Thursday, August 06, 2009

Astroturfing AV: When the wolves guard the hen house

Like any typical morning, I woke up, picked up my iPhone, fired up a twitter app and prepared to be educated about current happenings in the world. I was initially bored when I stumbled across a blog post on the Kapersky Lab Security sponsored site "threatpost" entitled “Some Researchers Lack Basic Ethics”. I assumed that I would read another generic article about AV researchers selling warez to the Russian Mafia or something truly nefarious along those same lines. Instead I was treated to a thinly disguised PR talking point by a Kaspersky researcher, Roel Schouwenberg. The central theme to Schouwenberg's post was the vilification of ethicless researchers who demonstrate how easily an attacker can evade signature based AV systems.

The evil ethics-lacking incident drawing the ire of Schouwenberg is a University of Michigan project, Polypack. The Polypack Project is a website that demonstrates how Crimeware-as-a-Service, a generic term describing anyone who creates malware for a system, works with specific detected malware sample that the user uploads to the site. To quote Schouwenberg:
“The idea behind the site is that people can upload (detected) malware files and make them undetected by as many anti-virus products as possible.”

Being able to tell how easy a malware sample can be made undetected by various AV products...could you think of anything worse for an AV sales person?

I visualize how this conversation went down: A Kaspersky sales guy didn’t make his anti-virus product sales numbers and blamed it on the Polypack Project. Without further questioning, the PR people immediately dispatched a researcher to debunk the accuracy and validity of this project. You can tell this isn’t an earnest effort by Schouwenberg to educate a reader, at no point does Schouwenberg ever provide a link to the project so that the reader can review and make the decision for themselves Schouwenberg and the PR people are banking on the laziness of their reader.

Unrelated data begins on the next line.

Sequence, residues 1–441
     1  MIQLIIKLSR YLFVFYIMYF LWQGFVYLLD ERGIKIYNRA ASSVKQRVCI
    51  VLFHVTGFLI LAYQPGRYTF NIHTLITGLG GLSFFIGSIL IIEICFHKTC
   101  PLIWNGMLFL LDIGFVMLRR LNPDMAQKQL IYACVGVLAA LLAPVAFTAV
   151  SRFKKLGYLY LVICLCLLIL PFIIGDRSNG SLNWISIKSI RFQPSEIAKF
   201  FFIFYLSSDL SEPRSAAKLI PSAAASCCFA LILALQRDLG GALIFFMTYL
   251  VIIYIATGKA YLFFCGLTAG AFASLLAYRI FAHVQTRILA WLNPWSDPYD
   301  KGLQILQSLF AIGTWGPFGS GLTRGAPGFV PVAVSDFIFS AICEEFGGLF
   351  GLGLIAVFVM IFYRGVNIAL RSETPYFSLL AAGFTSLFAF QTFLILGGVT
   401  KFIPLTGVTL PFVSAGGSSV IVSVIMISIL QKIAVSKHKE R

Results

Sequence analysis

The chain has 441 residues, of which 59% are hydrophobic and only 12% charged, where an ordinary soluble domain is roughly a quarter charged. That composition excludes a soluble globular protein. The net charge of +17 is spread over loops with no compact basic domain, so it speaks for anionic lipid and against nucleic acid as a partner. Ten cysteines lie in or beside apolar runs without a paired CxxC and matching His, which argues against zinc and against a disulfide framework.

The Polypack Project can be found here with the research paper here. Contrary to the claims of PR people at an AV sales company, I think this project is a good piece of engineering and evaluation of a failing technology. Through this project, a user can determine which AV system fails to detect a higher number of malware (aka viruses). In turn, a large company can spend less money, time, and resources deploying a highpriced signature based AV system if they know it has the most holes. Hrm, why is Kapersky afraid of this sort of open testing? The crowning jewel of Schouwenberg's post is when he cites numbers for how many samples are received and analyzed in a day. He makes the numbers sound almost overwhelming and intends to convey the message that “we can’t protect you from the bad guys if we have to spend time handling shortcomings in our engine pointed out by projects like this”. Schouwenberg fails to point out that technology like the Polypack Project is useless to criminals as criminals have their own tools for these types of testing.

Unfortunately for Kapersky (and other AV sales companies), projects such as the Polypack Project highlight the fallacy that signature based AV products can protect anything other than sales numbers. Could you imagine a slightly different scenario: "Cigarette company employee states that research into tobacco/cancer link is unthical?"


dr.kaos said...

Above-referenced URL offers only:

"PolyPack has been brought down for some enhancements."

Do you think that by "enhancements," they mean "harassment[s]?"



William said...

I love the paper by Jon & Company @ the University of Michigan. I love the realistic take they took with respect to writing the paper and the project on the whole. I think the project has proven (and the paper reinforced), the realistic possibilities of a services such as 'Polypack' being launched for commercial ends in the underground. I think it is clear that such a service is important to 'whitehat' assessors, pen testors and researchers as well.